One of his first travelling companions, the book dealer Cameron Treleaven, became a fast friend, and it wasn’t long before Louie had amassed a formidable library. It was, in fact, in the links between that material and the oral tradition that Louie’s most important contributions lay; he made the connections, and again and again pointed latter-day searchers in the right direction.

When, in 2010, the world was abuzz with the story of a box buried under the memorial to Paddy Gibson that was supposed to contain Franklin records, Louie knew that the box’s contents had been removed in the 1980s—he had been present for the occasion—and consisted only of a note and photograph left by Amundsen, not Franklin.

I last saw him in August of 2017, when I brought a party of adventure cruise passengers to Gjoa Haven to hear him give a presentation about the oral histories; we met in the community room at the Amundsen hotel. The projector we’d booked for his presentation didn’t work; he walked back to the school and brought another, but we still couldn’t get it to work with his slides.

No matter: he’d brought with him an older technology, one that didn’t need to be plugged in: a map. Using just that map, he held his audience spellbound with an impromptu account of all the key Franklin sites, conveying these histories in the same way he had heard them growing up, solely by word of mouth.

Afterward, he and his wife Josephine joined us for lunch, and we chatted amiably about this year’s work on the Erebus by Parks Canada. Louie spoke proudly about the selection of local people as the Inuit guardians of the wreck, and told me he was hoping to visit it again later that summer.

Louie had many plans; in addition to a return to the north of King William to look for the vaults described in Inuit testimony, he was working on a paper about signs of climate change in the North. He had noticed that the Lapland longspur, whose distinctive song was such a familiar one, had stopped singing; he believed that these same changes were connected to an increase of cancer among Inuit.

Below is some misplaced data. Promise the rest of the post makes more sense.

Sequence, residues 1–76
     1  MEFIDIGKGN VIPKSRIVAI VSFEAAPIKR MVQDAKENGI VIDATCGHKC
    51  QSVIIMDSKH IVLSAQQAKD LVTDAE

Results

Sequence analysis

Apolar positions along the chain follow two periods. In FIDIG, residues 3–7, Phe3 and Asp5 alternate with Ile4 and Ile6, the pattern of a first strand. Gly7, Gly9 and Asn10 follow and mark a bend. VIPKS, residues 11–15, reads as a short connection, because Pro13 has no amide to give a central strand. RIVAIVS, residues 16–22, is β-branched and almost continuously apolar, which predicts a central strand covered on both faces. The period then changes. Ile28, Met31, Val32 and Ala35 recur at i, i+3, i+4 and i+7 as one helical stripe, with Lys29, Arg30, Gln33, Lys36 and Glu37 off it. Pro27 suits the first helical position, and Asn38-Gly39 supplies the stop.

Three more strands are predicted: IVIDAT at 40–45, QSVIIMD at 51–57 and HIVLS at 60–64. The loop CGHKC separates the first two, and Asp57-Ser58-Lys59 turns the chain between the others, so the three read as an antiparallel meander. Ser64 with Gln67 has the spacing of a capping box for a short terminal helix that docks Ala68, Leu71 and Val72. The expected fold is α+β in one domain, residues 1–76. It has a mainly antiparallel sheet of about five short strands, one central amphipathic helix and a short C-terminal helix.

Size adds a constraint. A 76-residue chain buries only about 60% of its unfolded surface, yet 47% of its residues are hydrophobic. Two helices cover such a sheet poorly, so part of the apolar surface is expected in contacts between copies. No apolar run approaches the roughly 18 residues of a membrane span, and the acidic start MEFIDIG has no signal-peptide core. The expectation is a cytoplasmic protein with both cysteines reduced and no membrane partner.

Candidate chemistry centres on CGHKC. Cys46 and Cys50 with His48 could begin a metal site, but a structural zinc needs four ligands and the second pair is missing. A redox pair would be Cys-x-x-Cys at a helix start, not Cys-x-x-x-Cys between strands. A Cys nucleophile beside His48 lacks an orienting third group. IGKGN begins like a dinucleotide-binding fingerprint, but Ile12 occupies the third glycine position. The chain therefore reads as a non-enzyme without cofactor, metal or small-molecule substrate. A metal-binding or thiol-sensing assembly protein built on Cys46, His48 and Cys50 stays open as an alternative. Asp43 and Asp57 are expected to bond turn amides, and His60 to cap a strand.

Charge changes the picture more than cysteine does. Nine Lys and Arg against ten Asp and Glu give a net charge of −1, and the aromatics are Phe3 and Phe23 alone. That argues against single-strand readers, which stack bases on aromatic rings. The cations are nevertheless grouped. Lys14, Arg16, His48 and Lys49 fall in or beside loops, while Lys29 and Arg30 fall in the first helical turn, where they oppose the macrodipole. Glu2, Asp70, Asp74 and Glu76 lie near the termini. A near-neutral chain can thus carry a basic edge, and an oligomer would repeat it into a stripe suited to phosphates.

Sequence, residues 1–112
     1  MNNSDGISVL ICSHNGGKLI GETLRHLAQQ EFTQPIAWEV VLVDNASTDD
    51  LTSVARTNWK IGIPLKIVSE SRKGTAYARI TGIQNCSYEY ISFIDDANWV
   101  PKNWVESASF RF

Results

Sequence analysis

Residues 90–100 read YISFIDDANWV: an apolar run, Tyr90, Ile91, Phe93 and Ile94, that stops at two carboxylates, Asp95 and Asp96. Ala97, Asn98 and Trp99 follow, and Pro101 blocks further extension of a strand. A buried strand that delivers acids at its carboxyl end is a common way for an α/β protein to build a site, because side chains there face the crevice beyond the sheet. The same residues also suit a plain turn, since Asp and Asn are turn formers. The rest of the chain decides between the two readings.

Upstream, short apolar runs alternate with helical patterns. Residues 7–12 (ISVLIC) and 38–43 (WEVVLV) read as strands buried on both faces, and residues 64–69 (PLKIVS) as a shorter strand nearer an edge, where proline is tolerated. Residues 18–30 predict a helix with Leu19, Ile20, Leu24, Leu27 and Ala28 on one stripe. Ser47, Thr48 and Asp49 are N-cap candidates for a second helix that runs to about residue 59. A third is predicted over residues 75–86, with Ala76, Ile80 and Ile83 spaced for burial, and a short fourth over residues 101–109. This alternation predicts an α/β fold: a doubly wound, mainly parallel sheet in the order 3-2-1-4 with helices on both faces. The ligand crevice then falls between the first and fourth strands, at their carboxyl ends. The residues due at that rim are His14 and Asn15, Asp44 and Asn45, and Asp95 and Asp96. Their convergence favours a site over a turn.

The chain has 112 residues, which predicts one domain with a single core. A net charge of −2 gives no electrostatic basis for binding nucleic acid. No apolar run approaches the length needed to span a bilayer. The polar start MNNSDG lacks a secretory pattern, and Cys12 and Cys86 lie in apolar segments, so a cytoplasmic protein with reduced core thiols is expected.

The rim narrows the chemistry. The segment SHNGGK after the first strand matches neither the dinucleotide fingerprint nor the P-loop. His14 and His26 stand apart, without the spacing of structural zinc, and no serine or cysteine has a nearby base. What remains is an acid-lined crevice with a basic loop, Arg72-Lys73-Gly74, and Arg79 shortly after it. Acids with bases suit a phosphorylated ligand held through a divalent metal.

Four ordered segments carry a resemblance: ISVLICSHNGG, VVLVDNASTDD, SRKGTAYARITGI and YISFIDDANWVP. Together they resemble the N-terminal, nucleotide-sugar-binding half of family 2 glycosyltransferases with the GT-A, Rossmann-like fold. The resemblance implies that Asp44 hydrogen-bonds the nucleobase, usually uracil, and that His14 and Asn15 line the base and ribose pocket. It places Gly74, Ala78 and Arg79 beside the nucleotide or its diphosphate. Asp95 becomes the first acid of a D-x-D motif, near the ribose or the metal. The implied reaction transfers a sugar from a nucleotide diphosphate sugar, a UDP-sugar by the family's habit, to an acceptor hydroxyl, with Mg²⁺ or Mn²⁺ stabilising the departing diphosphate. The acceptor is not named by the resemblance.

Louie kept fairly quiet about his own diagnosis, though from his check-ins on Facebook you could see he had made several trips down south to receive care. His own posts, as always, were all about family and friends, and every morning all of us who knew him answered to his ready Ublaakut!

The one thing that Louie was devoted to more than the Franklin story was his family: his wife Josephine and their children, grandchildren, nephews and nieces always took precedence. On March 14, scarcely two weeks ago, he posted a rare comment on his illness, which was only to mention that he’d had a good night’s sleep after chemo, “another blessing from the Lord.”

Throughout his illness, as with his earlier bouts with heart disease, Louie’s Christian faith was his comfort and his foundation; placing his trust in God, he weathered more storms than most. The strength of his belief never wavered, even when things became dire, and so the news of his passing came as a shock to his friends, who somehow had hoped that he would always be among us.

His work, his legacy, lives on, and always will—for even those who never met him will not forget his generous, curious, friendly spirit, which was shared throughout the world via today’s technologies. His like will not be seen again.

Russell Potter is a professor of English and media studies at Rhode Island College. He has written books about hip-hop (Spectacular Vernaculars, 1995) the history of polar exploration (Arctic Spectacles, 2007) and a novel (PYG: The Memoirs of Toby, the Learned Pig). His newest book, Finding Franklin: The Untold Story of a 165-Year Search, was published in 2016 by McGill-Queen’s University Press. A shorter version of this obituary was published this past March 16 in his blog, Visions of the North.